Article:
Doing a research higher degree (RHD), either a Masters or PhD, is like pregnancy and childbirth. A very long pregnancy, admittedly, but there are a lot of similarities. A while ago, Emma Jane, on The Punch, summed up those similarities really well and called a PhD “childbirth for the brain”: both are “mind-meltingly, stomach-churningly, sleep-deprivingly difficult.”
This idea was brought home strongly when I had a Twitter conversation with a couple of friends who are millimetres from the end of their RHD gestation and a non-conversation with another friend who had a beautiful little girl at the end of December.
I didn’t call my pregnant friend because I remember how torturous those phone calls were when my first baby decided to make an appearance four days after her due date.
My first baby was due on Easter Saturday and everyone went away over the Easter break so late on Easter Monday, the phone calls started from loving family and friends. I had the same conversation over and over: no, I haven’t had the baby yet … yes, I’m still here … yes, the baby’s late … Aaaaaaaagh!!!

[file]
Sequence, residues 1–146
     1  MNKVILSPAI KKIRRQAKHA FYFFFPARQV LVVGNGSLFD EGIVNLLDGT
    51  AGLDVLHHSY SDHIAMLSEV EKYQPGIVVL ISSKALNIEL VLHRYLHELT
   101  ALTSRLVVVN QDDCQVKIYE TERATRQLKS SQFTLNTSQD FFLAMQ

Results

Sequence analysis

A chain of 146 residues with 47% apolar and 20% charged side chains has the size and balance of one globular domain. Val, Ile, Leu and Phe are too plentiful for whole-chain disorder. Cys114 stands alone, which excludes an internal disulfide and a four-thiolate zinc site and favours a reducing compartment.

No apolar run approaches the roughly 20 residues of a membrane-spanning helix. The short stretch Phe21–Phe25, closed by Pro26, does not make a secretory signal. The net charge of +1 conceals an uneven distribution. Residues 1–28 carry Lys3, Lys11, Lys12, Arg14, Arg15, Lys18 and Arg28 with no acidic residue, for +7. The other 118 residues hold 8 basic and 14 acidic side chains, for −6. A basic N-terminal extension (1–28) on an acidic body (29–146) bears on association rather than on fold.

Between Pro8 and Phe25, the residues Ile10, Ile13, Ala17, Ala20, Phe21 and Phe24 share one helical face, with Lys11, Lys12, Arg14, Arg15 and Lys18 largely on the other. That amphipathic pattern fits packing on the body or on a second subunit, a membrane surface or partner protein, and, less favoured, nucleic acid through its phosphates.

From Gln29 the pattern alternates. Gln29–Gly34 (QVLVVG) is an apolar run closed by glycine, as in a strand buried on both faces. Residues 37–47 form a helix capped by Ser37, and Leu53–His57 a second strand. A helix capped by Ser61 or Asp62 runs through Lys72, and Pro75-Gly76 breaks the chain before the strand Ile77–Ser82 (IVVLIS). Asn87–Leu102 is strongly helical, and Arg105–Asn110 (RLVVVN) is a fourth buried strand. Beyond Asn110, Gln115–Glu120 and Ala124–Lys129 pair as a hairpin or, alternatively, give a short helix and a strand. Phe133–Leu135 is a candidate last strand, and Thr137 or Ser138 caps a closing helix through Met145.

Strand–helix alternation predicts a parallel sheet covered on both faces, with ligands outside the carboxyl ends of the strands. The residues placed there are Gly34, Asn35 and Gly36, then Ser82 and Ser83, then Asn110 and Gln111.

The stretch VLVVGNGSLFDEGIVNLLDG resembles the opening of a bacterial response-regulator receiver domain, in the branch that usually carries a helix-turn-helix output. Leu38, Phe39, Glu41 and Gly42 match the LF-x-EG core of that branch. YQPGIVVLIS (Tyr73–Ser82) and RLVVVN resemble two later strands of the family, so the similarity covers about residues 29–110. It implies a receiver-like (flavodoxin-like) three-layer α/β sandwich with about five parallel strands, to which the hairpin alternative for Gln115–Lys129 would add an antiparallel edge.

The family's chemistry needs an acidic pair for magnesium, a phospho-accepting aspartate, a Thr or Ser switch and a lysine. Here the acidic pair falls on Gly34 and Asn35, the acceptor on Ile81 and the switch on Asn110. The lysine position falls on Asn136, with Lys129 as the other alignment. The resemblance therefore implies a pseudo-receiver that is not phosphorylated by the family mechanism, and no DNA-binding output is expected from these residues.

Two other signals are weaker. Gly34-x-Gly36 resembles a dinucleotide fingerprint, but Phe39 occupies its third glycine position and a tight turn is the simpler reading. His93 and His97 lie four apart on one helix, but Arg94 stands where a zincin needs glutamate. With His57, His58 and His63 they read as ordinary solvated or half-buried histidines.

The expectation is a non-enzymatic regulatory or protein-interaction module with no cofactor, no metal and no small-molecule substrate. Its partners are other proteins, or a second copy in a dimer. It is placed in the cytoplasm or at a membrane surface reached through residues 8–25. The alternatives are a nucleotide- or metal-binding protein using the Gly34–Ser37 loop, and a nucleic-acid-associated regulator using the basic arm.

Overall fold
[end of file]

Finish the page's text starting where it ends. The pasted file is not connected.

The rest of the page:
So, I didn’t call my pregnant friend.
But, unthinkingly, at the end of a twitter conversation, I sent this out:
“BTW how’s your thesising going?”
Understandably, a few of my RHD friends jumped on that comment, calling me insensitive and thoughtless. Tongue-in-cheek of course (they know I wouldn’t deliberately provoke them), but there is an underlying truth in that accusation.
The final six months of an RHD is freaking bloody hard and there is so much pressure on you to finish from the Uni, from family and friends who don’t understand the process, but most of all from yourself, that you don’t need someone who should know better to add to the angst.
So I’m blowing kisses and sending positive thoughts and a heartfelt apology to my Twitter friends who are finding the RHD process painful.
Like my friend with her little treasure, there is a beautiful baby at the end of it and it is very worth the pain xx